Dan and Mo Smilkstein: Hiking the Dolomites’ war caves | SteamboatToday.com

Dan and Mo Smilkstein: Hiking the Dolomites’ war caves

Italy via headlamp






Courtesy Dan Smilkstein

It was a far cry from the local uranium mine cave.

Dan and Mo Smilkstein persevered through dark, dank conditions on a 3,000-foot descent of the near vertical Lagazuoi Tunnel, then stepped gingerly along an exposed ledge in the fog during a multi-day trek through the Italian Dolomites last September.

Many Lagazuoi hikers clip carabiners into a steel cable for protection. But not the Smilksteins.

"That probably would have been a good idea, if we'd been able to see what we could have plunged to," Mo says. "But it was so socked in we couldn't see."

Still, the challenges the Steamboat Springs couple faced were mild compared to the privations endured by the Italian soldiers who laboriously tunneled upward through the rock during an obscure action in World War I at Lagazuoi. Ultimately, the Italian troops succeeded in planting nitroglycerine in the heart of the mountain and blew up the fortress of the Austro-Hungarian soldiers who had been picking them off from above.

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Sounds like the script for a black-and-white war movie starring Richard Widmark and Richard Burton but not a great vacation, right? Actually, as with all of their adventures, the Smilksteins loved it.

"It was 3,000 feet of wet, dark caves down through the mountain," Dan says. "It's not really recommended for a first date. We dubbed it Torture Mo day."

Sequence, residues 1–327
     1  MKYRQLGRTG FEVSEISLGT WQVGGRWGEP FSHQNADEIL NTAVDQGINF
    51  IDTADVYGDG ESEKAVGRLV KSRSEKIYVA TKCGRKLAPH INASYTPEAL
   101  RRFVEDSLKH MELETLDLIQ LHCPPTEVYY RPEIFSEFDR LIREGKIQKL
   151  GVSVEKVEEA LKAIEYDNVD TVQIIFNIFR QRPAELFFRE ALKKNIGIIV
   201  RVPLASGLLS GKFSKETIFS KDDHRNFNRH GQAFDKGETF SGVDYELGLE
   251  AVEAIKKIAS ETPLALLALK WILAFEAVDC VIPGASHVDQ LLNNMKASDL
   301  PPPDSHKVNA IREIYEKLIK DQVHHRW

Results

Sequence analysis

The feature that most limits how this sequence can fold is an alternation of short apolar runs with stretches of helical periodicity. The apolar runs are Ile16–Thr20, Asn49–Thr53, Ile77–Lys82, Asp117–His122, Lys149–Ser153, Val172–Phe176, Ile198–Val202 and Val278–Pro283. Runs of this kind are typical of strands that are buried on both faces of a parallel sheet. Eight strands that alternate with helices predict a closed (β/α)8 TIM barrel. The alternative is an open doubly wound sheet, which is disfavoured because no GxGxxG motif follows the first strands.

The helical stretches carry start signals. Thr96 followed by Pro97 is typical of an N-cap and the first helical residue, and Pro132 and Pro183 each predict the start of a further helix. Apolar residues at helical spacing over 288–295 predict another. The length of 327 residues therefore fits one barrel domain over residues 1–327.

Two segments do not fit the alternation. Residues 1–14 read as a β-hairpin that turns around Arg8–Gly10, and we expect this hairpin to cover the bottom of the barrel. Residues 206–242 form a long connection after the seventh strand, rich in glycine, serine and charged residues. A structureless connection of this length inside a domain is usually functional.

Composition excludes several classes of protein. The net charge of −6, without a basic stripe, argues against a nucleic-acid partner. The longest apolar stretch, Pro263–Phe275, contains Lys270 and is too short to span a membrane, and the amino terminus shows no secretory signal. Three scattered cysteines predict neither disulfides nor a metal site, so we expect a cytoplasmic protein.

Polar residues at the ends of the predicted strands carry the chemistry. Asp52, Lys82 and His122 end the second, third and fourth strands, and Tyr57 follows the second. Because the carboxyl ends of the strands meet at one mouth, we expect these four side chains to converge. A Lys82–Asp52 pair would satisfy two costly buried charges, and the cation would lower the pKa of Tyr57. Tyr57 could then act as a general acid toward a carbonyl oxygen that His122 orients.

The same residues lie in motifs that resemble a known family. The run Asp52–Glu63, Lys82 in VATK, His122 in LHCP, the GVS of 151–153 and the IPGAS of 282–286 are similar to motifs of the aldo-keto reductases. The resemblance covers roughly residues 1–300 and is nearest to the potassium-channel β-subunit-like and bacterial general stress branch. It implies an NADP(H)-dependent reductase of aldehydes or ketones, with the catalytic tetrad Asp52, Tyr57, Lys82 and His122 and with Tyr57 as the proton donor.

In all, the day consisted of 4,000-plus feet of climbing, eight hours of hiking in the rain and fog and descending 3,300 feet through caves with head lamps. Mo says they also had to "walk along a spine at one point on a pretty rickety ladder."

Still, it was hardly a suffer-fest for Dan and Mo, who have consulted the book "Classic Treks: The 30 Most Spectacular Hikes in the World" for inspiration to tackle massive rambles from the Indian subcontinent to Peru.

In Italy, during the course of their trek, they stayed in mountain lodges known as refugios, each with its own gourmet chef and local beer.

"It was unique for a lot of reasons," Dan says. "It gave us an appreciation of what humans can do when they're determined. And it was a great way to get from the summit down to the valley far below. We only went down once, while the soldiers did it all the time while carrying big loads. Afterward, we drank a large beer in their honor."

Dan has tackled several world-class adventures, including soloing 19,785-foot Tocllaraju in Peru. During a get-away to Zion National Park last autumn, he climbed the cracks of several marquee sandstone spires. And in terms of "hanging it out there," he acknowledges that ice climbing Vail's Rigid Designator this winter was a bigger deal than descending the Lagazuoi Tunnel.

But frothy beers and fluffed pillows aside, it was a classic adventure for one of Steamboat's most adventurous couples.

"If you're in decent shape and determined, it's a cool way to see a part of the world not everyone gets to see," he says. "It's a great 'everyman' adventure."

—Tom Ross

Miles from Steamboat: 5,586 miles

1 day

Dates: Sept. 1-15

Factoid: WWI fighting in the Dolomites began in 1915 after Italy declared war against the Austro-Hungarian Empire, separated by a 230-mile-long, mountainous border. The battles revealed altitude and terrain as a common enemy, spawning what soldiers called, “A war within the war.”